Say, brothers, will you meet us?
As we go marching on.


Thomas turned a Somerset, and gave the Rebels rats;
Thomas turned a Somerset, and gave the Rebels rats;
Thomas turned a Somerset, and gave the Rebels rats;
And sent them rolling home.

Say, brothers, will you meet us?
Say, brothers, will you meet us?
Say, brothers, will you meet us?
And send them rolling home.


How are you, Johnny Bull, old boy? How are you Johnny Bull?
How are you, Johnny Bull, old boy? How are you Johnny Bull?
If you wan to fight, old Roast Beef, you will get your belly full,
And then go rolling home.

Oh, Johnny, don’t you fight us;
Oh, Johnny, don’t you fight us;
Oh, Johnny, don’t you fight us;
Or we’ll send you rolling home.


The girls we left behind us, boys, our sweethearts at the North;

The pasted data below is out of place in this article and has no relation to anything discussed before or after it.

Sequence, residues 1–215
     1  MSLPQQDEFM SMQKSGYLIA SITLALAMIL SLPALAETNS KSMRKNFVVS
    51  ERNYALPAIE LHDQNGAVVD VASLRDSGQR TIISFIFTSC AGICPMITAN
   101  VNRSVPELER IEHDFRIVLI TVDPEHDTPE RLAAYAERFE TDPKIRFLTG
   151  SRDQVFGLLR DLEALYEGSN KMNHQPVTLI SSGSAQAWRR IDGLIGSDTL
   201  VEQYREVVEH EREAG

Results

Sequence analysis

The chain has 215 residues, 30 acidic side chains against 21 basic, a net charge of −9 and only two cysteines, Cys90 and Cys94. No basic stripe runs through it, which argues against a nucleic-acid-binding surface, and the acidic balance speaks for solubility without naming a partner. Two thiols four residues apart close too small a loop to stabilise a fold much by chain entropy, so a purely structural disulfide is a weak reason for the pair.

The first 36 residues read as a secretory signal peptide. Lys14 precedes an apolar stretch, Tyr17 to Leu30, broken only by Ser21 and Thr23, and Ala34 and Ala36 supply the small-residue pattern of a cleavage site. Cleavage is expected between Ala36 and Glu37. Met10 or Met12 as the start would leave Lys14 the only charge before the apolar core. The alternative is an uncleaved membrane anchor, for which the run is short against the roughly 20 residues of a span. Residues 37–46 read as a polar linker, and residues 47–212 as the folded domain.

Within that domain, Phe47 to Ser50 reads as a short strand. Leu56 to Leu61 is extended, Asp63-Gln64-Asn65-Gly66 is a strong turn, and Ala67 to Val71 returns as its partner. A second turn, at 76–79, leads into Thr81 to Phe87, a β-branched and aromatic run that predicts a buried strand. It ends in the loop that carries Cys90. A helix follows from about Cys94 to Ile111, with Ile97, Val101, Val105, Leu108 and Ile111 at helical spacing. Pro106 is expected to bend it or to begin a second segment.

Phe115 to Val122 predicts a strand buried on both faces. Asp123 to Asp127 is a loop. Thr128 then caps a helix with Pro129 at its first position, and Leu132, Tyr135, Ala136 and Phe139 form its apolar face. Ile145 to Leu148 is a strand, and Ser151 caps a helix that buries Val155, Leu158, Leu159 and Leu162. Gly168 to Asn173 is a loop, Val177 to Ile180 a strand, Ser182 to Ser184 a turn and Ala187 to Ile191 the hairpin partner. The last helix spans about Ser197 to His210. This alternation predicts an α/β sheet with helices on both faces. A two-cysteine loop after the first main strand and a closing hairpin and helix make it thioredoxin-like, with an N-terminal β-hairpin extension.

The girls we left behind us, boys, our sweethearts at the North;
The girls we left behind us, boys, our sweethearts at the North;
Smile on us as we march.

Oh, sweet-hearts, don’t forget us;
Oh, sweet-hearts, don’t forget us;
Oh, sweet-hearts, don’t forget us.
We’ll soon come marching home!!

I've never seen this version thank you!

Must have been song specifically between July 26, 1861 and November 9, 1862 since they reference McClellan as the leader.

The second and third verses both reference England? I don't quite get either of them. Is Thomas a reference to George Thomas? And is Roast Beef a nickname for a general too - Rosecrans (Old Rosey) maybe? But then why is it paired with John Bull.

And if it is General Thomas and General Rosecrans (which is absolutely a guess) then why is it paired with a verse about McClellan? Would the Army of the Potomac boys be singing about the Western Theater?

The last verse is really sweet. Reminds me of that song The Girl I Left Behind Me.
 

DBF

Sergeant Major
Joined
Aug 6, 2016